Hard times start at top 

Many of the people reading this article are reeling from the blow dealt their savings, thanks to October's sudden and steep drop in the stock market, a plunge that followed a year's decline.

But there are those who don't have retirement funds to feel panicky about. They're worried instead about finding or keeping a job and keeping a roof over their heads. They need help getting back on steady ground. They're turning to shelters and food pantries for help, organizations that rely on the generosity of individuals and foundations to offer it.

And there's the catch: As asset values tank, so will philanthropic dollars, but the need for them will grow greater.

It's too soon to know exactly how severe the impact will be on private giving or foundations — indeed, many Arkansas foundations are heavily invested in Wal-Mart stock, shares of which are selling higher today than they were at the first of the year — but the struggling market bodes ill for grant-seekers in the year to come. And a recent survey by Guidestar, a non-profit that tracks charitable giving, found that 39 percent of U.S. charities in the Southeast (including Arkansas) report a drop in gifts so far this year, compared to 2007.

“Times are hard for everyone,” observed Heather Eason, president and CEO of the Arkansas Community Foundation, a public foundation that oversees more than 1,000 donor funds. Foundations whose investments took a hit may struggle to meet multi-year commitments, Eason noted, while the demand on them “to support non-profits is up … like [support for] direct-service non-profits, food pantries, women's shelters, those doing the hard work out there. Their expenses are going up, and any who have endowments, their savings are going down.”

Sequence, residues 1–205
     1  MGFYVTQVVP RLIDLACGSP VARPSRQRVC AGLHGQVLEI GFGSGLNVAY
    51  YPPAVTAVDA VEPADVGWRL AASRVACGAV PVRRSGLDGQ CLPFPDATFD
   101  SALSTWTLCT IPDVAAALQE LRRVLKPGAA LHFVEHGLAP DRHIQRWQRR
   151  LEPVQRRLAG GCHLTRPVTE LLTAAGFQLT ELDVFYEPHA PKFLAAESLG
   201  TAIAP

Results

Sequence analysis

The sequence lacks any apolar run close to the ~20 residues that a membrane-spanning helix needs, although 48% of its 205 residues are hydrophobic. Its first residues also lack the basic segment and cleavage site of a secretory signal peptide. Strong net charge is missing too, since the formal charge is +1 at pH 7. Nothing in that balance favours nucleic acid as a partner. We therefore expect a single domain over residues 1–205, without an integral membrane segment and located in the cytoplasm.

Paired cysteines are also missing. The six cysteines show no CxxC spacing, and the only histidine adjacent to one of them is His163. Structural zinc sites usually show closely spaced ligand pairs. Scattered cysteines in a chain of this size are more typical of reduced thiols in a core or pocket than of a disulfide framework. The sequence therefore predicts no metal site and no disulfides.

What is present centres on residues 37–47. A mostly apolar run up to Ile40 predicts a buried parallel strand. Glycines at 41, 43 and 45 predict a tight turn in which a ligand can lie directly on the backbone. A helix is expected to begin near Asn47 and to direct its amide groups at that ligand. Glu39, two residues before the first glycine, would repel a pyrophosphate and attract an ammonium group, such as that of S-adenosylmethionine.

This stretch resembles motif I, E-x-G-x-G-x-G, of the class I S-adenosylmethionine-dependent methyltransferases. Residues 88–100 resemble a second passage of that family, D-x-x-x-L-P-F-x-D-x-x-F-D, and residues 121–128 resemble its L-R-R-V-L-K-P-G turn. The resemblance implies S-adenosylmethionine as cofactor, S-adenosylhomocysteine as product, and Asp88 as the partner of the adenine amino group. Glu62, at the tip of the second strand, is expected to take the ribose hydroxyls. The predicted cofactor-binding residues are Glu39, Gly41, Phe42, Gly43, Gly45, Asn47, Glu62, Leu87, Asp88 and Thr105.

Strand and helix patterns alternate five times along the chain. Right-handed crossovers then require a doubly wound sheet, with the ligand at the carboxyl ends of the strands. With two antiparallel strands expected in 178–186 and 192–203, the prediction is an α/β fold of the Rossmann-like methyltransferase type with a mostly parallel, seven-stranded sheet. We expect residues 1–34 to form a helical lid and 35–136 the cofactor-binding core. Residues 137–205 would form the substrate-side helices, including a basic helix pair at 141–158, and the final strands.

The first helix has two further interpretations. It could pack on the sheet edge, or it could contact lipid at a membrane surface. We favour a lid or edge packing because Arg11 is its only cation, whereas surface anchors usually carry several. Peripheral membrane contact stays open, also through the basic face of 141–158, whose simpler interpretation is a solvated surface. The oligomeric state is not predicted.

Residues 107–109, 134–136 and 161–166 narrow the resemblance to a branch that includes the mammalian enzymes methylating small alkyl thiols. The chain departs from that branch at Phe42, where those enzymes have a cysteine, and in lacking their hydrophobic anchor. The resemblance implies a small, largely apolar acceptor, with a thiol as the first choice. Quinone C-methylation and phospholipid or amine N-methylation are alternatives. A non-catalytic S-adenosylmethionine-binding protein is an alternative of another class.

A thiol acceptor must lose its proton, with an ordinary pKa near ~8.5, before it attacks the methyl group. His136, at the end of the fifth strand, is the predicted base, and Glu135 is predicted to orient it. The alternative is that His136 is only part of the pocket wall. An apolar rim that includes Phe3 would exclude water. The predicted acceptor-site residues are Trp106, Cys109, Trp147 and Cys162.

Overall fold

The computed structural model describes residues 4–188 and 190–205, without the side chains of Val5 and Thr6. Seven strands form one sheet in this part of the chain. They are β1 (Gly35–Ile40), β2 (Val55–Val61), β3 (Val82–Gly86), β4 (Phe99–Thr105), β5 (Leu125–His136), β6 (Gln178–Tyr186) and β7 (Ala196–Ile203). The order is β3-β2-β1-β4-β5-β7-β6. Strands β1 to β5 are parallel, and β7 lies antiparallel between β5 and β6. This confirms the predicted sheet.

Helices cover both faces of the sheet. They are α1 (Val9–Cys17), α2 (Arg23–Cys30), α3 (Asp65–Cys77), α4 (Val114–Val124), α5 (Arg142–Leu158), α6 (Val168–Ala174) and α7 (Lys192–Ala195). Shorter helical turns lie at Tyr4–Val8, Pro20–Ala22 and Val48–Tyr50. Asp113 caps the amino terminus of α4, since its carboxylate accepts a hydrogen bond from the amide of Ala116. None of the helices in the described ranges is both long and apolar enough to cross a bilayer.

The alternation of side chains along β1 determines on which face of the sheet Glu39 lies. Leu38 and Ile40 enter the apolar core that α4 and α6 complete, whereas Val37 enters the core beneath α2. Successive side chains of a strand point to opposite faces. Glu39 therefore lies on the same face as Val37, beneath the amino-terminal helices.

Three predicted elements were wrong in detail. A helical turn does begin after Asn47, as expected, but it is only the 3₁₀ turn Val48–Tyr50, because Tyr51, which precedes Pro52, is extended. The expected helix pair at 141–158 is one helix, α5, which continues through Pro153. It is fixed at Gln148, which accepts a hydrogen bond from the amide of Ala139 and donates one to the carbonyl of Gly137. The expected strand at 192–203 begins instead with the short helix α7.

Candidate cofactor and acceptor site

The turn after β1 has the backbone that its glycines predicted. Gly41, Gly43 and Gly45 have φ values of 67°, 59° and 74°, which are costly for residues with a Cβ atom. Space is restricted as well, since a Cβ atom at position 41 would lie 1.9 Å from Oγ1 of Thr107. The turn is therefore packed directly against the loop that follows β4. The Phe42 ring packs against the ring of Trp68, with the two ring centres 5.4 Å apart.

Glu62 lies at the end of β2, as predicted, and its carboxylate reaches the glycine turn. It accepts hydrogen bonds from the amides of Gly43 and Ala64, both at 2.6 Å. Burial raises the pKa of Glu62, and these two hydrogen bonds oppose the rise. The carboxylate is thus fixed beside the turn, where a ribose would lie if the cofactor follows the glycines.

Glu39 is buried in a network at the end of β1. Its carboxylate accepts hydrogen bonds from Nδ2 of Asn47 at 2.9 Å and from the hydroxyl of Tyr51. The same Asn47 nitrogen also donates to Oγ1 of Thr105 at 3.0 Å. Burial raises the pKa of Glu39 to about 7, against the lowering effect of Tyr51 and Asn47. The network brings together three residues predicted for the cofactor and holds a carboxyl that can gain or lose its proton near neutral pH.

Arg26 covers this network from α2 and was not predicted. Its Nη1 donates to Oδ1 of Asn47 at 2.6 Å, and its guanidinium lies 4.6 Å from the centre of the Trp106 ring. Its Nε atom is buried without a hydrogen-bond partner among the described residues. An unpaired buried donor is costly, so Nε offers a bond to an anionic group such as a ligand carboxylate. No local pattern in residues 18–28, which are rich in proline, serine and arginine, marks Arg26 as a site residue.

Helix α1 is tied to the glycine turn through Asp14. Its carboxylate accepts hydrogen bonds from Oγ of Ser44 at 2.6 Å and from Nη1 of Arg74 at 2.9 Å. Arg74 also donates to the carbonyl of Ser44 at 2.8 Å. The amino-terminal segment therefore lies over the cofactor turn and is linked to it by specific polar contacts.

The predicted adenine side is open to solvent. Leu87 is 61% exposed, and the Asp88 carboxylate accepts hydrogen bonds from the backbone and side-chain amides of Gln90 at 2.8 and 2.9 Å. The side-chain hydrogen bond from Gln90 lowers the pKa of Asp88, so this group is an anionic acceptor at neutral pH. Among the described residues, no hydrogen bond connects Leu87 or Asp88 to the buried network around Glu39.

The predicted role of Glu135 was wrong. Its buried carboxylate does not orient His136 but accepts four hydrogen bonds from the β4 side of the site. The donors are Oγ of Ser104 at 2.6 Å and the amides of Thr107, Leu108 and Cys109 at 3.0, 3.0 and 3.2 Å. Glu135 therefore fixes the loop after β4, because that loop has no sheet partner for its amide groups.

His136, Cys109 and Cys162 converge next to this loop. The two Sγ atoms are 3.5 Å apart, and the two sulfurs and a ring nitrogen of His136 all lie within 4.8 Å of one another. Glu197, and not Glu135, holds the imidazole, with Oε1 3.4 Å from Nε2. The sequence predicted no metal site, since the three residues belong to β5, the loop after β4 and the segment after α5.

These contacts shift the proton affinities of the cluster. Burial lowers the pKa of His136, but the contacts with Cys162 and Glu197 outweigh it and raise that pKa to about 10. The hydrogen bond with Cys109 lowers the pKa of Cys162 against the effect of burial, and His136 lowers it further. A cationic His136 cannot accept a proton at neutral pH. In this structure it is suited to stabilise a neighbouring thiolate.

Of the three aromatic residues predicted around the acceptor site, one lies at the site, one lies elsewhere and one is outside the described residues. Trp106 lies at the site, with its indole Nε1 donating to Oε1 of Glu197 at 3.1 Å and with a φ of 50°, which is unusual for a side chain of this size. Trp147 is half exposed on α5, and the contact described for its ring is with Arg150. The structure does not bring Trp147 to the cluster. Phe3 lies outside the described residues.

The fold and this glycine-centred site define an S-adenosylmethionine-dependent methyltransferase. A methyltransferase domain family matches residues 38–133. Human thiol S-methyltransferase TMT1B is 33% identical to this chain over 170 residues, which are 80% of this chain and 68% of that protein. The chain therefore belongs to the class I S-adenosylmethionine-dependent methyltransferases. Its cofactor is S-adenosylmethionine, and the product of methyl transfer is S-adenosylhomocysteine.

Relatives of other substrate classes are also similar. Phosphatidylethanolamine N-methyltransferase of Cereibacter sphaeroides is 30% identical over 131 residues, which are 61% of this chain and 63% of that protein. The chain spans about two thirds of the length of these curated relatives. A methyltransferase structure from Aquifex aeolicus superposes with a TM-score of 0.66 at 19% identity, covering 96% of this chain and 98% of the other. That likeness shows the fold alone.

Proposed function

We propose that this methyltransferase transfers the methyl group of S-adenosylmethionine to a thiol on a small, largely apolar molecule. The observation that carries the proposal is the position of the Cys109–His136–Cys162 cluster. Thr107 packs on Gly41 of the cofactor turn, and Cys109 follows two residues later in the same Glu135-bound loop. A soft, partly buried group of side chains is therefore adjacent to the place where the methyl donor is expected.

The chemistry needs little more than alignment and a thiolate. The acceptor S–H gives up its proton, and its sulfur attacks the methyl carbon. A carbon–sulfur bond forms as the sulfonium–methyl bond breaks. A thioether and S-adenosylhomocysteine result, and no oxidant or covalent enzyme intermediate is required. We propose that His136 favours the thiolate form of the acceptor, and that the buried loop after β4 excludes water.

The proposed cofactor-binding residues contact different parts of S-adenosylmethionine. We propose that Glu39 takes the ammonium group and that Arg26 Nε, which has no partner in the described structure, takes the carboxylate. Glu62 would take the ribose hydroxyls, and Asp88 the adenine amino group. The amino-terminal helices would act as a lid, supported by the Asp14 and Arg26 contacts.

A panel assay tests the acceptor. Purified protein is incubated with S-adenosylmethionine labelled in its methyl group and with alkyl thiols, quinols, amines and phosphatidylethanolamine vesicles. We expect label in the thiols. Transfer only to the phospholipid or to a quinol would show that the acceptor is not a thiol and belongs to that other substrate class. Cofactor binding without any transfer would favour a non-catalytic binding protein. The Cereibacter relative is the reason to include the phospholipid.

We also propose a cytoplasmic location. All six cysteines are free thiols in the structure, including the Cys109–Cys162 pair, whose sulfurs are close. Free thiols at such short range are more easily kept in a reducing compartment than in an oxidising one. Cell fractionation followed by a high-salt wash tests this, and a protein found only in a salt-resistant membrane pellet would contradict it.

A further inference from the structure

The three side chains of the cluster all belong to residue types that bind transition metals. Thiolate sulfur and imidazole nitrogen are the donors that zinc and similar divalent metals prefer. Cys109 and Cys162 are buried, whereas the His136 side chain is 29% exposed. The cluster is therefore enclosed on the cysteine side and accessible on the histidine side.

Our House, a shelter for the working homeless on the grounds of the old Veterans Hospital on Roosevelt Road, is one of those non-profits who are caught.

“It's a double whammy for us,” said Georgia Mjartan, executive director of Our House, which raises its $550,000 yearly budget from gifts and grants. She expects grants from foundations to decline, and says the agency is already beginning to feel the crisis' effect on individual givers: Our House's annual Tie One On fund-raiser, to be held in December, is having trouble getting the sponsor support it's had in the past.

“One thing I want to make clear: We're not seeing people being less generous,” Martjan said. They're giving their time, if not their money; volunteer numbers are up. Our House has long been able to serve dinner to its residents daily with the help of churches and other service groups; now, Mjartan said, “there's so much interest, we have different groups providing lunch, too.” Volunteers know that if they themselves are hurting, “the poor among us must be feeling it even more.”

Our House serves about 1,000 homeless individuals, including hundreds of children, a year. Its clients include men and women who've lost their jobs because they couldn't afford gasoline, people who are finding they have to compete with better-educated former middle-management employees for their low-paying jobs. They are people having a hard time finding affordable housing. “Try finding a two-bedroom you can rent for $400 a month,” Mjartan said. “They're not a whole lot of units.”

As luck would have it, Our House is in the midst of a $400,000 capital campaign to renovate space on its campus to house families. Raising money now means “we have to get creative,” Mjartan said. “We're asking for less from more people.” In-kind contributions are important: Redstone Construction Group, for example, donated $40,000 worth of asphalt and labor toward the renovation. Important contributions of food come from Potluck and the Arkansas Foodbank Network.



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